The purpose of this study is to determine how society perceives prison nursery programs and to measure how supportive individuals are of current prison nursery programs and future program implementation. The literature reveals that prison nursery programs are effective in lowering recidivism rates of participants, creating long term co-residency between mother and child post release, and fostering a secure and healthy attachment between mother and baby. The literature also demonstrates the significance of attachment and the negative effects that absent or weak maternal (and parental) attachment can have on an individual throughout their life course, including the propensity to commit crime. Factors considered in this study include: gender, parental status, use of caregivers for their children, and time spent with children per week. The results of this study indicate that although the majority of respondents are supportive of current prison nursery programs, there is less support for future program implementation. Results also revealed that gender, parenthood, and the employment of a caregiver for one's children are not adequate predictors of program support. However, the amount of time parents spend with their children was found to be a predictor for the level of support for prison nursery programs.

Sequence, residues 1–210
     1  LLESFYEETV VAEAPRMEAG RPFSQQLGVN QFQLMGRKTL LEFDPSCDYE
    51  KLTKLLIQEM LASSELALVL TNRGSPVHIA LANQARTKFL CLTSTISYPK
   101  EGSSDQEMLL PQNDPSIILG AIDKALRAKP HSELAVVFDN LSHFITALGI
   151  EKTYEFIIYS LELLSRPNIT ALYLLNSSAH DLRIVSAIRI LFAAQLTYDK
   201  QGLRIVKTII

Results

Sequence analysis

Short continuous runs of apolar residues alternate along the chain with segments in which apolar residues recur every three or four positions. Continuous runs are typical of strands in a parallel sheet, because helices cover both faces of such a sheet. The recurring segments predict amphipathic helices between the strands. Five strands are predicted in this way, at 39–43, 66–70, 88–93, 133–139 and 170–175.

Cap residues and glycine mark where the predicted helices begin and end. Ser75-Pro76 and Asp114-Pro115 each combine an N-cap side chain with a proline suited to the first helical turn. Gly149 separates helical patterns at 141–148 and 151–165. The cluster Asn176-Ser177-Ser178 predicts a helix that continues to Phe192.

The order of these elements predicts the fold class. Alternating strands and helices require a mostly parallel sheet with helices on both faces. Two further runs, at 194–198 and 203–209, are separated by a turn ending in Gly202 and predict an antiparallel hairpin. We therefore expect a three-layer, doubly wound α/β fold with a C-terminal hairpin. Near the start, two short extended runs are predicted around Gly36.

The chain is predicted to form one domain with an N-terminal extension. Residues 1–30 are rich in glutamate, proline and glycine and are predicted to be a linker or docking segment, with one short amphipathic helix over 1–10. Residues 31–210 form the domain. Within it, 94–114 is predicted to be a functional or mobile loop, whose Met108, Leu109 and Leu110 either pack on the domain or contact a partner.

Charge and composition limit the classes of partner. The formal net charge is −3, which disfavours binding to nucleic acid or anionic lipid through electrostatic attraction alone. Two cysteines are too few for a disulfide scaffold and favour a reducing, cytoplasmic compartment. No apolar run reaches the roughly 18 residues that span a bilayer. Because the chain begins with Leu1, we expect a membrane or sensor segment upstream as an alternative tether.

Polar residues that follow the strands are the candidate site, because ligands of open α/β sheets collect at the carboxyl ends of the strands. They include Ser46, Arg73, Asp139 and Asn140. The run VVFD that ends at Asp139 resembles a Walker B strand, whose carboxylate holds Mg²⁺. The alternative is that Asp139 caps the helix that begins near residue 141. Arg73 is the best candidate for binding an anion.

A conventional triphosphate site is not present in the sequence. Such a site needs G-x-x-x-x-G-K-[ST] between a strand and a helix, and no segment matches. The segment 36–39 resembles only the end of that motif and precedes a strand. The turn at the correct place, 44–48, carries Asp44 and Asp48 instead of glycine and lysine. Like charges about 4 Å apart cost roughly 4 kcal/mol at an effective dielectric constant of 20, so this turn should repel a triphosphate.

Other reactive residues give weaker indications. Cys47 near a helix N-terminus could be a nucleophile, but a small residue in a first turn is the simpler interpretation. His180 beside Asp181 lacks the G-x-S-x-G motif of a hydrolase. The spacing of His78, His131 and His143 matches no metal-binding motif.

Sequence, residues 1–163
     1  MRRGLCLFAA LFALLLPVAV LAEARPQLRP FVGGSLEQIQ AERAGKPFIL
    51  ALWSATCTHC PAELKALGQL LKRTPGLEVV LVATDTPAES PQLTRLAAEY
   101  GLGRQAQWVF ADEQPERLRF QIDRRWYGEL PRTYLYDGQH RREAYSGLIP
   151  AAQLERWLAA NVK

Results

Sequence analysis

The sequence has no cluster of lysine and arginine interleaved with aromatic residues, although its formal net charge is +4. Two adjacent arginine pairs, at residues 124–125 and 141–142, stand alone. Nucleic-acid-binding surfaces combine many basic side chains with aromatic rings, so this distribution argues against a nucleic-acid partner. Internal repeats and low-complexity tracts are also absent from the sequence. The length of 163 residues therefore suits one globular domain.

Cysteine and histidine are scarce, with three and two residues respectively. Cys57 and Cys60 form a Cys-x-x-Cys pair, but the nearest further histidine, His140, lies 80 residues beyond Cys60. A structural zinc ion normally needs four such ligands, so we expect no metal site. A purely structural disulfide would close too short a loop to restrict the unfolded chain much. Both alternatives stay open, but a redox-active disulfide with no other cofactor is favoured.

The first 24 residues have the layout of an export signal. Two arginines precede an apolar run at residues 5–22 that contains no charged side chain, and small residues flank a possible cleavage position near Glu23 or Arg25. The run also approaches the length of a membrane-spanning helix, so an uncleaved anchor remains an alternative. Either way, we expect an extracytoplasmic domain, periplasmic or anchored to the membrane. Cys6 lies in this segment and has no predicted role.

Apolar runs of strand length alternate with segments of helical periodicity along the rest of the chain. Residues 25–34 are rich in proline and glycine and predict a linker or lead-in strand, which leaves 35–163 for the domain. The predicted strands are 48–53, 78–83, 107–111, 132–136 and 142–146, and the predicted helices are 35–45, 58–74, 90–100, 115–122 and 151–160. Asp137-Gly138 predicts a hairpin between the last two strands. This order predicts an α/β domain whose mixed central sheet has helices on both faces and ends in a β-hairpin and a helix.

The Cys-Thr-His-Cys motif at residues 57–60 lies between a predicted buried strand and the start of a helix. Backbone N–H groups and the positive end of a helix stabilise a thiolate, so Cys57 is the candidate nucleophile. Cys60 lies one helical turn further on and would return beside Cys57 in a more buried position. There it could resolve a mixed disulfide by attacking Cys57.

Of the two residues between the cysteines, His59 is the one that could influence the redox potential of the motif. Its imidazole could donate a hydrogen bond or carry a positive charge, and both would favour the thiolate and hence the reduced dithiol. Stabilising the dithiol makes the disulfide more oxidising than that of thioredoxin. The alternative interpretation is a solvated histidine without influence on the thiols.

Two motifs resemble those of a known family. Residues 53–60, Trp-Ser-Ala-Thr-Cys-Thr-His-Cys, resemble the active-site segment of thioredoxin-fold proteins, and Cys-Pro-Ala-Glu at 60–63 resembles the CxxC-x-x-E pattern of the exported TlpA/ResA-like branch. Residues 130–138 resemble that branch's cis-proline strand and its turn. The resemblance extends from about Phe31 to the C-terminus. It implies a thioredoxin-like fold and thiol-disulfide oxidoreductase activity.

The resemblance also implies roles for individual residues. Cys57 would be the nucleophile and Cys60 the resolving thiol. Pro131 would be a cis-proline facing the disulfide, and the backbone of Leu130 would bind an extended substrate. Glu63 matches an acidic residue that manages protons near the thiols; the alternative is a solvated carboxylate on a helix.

|Commitee:||Fischer, Ryan, Malm, Aili, Vogel, Brenda|
|School:||California State University, Long Beach|
|School Location:||United States -- California|
|Source:||MAI 54/04M(E), Masters Abstracts International|
Copyright in each Dissertation and Thesis is retained by the author. All Rights Reserved
The supplemental file or files you are about to download were provided to ProQuest by the author as part of a
dissertation or thesis. The supplemental files are provided "AS IS" without warranty. ProQuest is not responsible for the
content, format or impact on the supplemental file(s) on our system. in some cases, the file type may be unknown or
may be a .exe file. We recommend caution as you open such files.
Copyright of the original materials contained in the supplemental file is retained by the author and your access to the
supplemental files is subject to the ProQuest Terms and Conditions of use.
Depending on the size of the file(s) you are downloading, the system may take some time to download them. Please be